After 8 months, I updated this page last week, and by the next day, I wanted to rewrite it to bring out some points I had realized needed more explanation. And since then, things have moved on even more.
New infections per day about 140,000 - which is about 47 per 100,000 population.
|Week||New Cases||Infectious||In Hosp||In ICU||Dead/Week||New/100K|
We were doing so well until mid-July.
For comparison, here are the numbers from last December:
|Week||New Cases||Infectious||In Hosp||Dead/Week||New/100K|
While we have more sick people, the number of deaths has not gone up. This will change very quickly, if we do not have ICU beds.
So be very careful, just like last winter. Wear a mask if you are within 6 feet of people who do not live with you.
So what happened? This annotated graph gives one read.
But my understanding is this: With 65-70% of the population vaccinated, we had achieved an amount of herd immunity, where outbreaks would die down and not grow and spread. But then the Delta variant of the virus took over, which was twice as infectious. Where 65-70% vaccination rates (i.e. 30-35% unvaccinated) was enough for the "old" virus, 83-85% (i.e. 15-17% unvaccinated) would be required to achieve the same stability, and we just do not have that, so long as we cannot vaccinate young children. We can mitigate this by distancing and mask-wearing, but if we do not do that, we see the curve rising rapidly.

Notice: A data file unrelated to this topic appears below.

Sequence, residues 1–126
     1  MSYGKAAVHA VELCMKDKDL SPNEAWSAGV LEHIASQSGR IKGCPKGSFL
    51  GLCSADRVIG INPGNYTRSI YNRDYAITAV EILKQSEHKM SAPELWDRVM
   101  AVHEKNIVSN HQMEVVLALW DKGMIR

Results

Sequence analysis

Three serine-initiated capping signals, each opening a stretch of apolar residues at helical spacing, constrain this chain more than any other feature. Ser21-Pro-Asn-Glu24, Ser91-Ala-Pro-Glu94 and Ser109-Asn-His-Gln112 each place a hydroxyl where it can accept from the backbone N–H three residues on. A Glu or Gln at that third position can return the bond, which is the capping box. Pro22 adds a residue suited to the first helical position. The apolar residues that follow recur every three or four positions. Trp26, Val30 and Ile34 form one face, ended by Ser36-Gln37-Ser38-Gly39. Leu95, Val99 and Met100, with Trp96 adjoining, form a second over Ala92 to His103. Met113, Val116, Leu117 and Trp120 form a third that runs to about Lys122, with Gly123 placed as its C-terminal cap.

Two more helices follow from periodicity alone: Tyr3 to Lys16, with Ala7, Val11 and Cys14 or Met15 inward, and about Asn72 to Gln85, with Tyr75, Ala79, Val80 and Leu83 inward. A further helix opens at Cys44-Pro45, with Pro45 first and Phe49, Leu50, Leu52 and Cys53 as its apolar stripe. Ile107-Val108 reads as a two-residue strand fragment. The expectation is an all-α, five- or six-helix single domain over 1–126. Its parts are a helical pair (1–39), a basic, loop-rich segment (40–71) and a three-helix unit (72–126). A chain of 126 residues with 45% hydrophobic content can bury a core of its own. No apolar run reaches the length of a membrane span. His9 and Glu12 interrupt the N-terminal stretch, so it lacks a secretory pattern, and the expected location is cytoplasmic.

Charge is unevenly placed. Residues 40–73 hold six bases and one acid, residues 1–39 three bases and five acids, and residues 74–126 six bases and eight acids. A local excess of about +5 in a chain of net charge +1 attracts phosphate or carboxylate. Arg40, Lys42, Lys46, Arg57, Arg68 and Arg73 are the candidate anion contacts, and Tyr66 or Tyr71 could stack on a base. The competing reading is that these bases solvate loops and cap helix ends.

Locally, new cases have dropped very slightly, but hospitalizations and ICU occupancy is still creeping up.
In "red" states with low vaccination rates (Mississippi, Louisiana and Florida) hospitals are beginning to saturate. A number of republican governors have banned the local health departments and school districts from requiring masks, so it will be very hard to reverse the trend. And there are reports that the nurses in these states are burning out and recruiting to replace them is a very uphill batle.
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